Today is Lucy’s second day of transitioning to jumping through my arms. After practicing through a smaller and smaller hoop a bunch of times, I try with my arms.
Tag: dog training
I just finished teaching a two-day workshop at the Humane Animal Welfare Society (HAWS) of Wisconsin. It was 1.5 days of lecture on topics ranging from training animals across species, to the pitfalls of punishment, to the importance of body language and unconscious visual cues that affect a dog’s ability to learn the behaviors you want. This was followed by a 3 hour Circus School for Dogs.
I used to think that the behavior of just waiting for the human to provide a clue, the way your dog is, was a result of a dog being a cross-over from traditional force-based training methods. Or, that the dog had always been lured such that he never had to problem solve. While this is probably the case to some extent, sometimes it’s more than that.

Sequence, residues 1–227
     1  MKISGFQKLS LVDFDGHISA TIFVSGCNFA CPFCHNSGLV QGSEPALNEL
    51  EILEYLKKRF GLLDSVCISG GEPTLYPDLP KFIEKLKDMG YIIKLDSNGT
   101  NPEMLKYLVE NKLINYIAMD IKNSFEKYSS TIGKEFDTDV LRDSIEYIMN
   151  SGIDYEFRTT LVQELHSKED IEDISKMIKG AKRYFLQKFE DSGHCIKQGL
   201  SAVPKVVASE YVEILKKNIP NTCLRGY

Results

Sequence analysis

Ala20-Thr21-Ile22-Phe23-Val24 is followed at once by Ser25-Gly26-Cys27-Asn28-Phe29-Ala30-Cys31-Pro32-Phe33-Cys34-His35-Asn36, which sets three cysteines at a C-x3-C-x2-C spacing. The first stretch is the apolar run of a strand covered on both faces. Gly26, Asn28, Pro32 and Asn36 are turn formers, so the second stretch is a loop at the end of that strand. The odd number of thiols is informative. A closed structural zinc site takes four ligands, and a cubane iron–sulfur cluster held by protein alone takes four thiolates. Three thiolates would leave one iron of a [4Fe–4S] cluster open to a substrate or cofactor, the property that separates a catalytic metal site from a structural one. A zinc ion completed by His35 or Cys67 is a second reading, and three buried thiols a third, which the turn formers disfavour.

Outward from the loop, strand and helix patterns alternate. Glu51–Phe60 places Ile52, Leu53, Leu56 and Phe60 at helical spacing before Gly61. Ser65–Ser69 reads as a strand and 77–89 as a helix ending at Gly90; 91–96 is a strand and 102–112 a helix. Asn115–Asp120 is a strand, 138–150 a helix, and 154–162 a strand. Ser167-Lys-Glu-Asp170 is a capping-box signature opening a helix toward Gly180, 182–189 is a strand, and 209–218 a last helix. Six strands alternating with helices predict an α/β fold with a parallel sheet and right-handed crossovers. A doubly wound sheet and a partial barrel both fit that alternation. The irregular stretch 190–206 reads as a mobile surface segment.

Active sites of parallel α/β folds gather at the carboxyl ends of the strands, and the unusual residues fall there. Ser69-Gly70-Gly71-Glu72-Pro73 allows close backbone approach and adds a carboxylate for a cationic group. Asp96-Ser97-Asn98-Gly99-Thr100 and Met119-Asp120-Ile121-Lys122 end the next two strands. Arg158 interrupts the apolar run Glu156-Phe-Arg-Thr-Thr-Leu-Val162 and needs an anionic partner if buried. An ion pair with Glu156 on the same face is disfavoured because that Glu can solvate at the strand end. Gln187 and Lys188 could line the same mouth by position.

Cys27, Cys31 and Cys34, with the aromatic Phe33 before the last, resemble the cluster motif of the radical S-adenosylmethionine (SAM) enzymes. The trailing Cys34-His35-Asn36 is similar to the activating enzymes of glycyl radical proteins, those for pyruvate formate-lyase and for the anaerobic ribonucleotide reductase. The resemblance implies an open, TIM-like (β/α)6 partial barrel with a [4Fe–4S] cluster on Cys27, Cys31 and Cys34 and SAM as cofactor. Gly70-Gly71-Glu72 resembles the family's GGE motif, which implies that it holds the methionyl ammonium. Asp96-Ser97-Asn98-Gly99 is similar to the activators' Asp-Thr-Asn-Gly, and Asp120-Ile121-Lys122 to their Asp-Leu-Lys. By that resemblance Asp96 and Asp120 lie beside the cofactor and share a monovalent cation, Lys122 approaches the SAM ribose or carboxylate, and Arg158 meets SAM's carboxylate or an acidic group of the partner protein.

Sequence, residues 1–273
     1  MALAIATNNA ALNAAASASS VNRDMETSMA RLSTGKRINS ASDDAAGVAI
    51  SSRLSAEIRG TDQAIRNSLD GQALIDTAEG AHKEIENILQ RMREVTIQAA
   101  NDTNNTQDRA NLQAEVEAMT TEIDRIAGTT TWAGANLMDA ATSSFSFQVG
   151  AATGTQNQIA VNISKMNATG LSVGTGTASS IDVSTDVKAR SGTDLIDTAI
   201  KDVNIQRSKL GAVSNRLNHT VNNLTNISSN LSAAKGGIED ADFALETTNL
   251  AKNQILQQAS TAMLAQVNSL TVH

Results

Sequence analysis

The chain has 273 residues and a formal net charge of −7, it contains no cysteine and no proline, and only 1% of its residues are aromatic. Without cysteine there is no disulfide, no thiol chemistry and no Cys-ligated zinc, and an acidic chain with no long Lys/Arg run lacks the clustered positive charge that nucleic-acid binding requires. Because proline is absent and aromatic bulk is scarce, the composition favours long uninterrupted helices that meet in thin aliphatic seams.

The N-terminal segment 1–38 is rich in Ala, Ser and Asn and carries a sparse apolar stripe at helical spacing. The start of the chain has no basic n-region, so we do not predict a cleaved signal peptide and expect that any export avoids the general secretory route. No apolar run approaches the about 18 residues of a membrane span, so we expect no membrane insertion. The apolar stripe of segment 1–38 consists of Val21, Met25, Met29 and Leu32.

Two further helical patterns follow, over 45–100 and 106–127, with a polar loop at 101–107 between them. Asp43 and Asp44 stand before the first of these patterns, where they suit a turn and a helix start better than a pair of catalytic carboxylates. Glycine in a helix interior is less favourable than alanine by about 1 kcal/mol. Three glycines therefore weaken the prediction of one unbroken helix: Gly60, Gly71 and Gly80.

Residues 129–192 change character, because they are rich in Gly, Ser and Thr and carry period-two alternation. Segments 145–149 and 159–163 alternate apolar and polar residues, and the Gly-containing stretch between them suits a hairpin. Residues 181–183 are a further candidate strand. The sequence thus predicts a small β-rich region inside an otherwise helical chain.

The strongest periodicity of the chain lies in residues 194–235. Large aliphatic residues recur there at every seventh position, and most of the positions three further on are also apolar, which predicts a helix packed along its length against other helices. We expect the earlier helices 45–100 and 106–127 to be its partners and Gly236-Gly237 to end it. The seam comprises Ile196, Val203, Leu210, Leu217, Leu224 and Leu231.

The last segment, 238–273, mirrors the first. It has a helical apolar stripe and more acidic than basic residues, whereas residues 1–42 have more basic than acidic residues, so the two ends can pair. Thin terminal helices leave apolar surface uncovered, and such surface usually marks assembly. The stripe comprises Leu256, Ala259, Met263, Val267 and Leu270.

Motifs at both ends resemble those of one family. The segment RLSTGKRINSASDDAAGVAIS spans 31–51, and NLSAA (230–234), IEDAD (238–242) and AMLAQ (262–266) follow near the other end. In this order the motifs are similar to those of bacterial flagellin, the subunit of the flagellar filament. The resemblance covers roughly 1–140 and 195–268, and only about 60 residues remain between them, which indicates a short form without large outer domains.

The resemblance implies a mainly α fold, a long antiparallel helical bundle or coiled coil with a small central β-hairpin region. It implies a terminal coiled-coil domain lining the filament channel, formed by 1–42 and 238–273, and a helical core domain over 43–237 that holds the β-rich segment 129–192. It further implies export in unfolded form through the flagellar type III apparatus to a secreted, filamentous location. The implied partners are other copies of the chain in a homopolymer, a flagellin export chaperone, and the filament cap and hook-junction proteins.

Do you have suggestions for training in a multiple dog household? Of my three dogs, two are “sitting to say please” to go out. The other dog refuses. I started letting the two go on out and making the refuser stay until she sits. But she still refuses to sit at the same time as the others. How do I reinforce behaviors properly with three dogs who don’t always respond the same way or at the same time? (All three dogs are eleven years old.)
I remember in high school math class thinking, math wouldn’t be so bad if it weren’t for the word problems. Now, as an adult, I think, if you can’t do the word problems, which represent math in real life, you don’t really know math. Similarly, with dog training classes, it’s great when dogs know how to sit, and heel and focus on their owners in the controlled class environment but what they really need is to be able to do those things in the real world.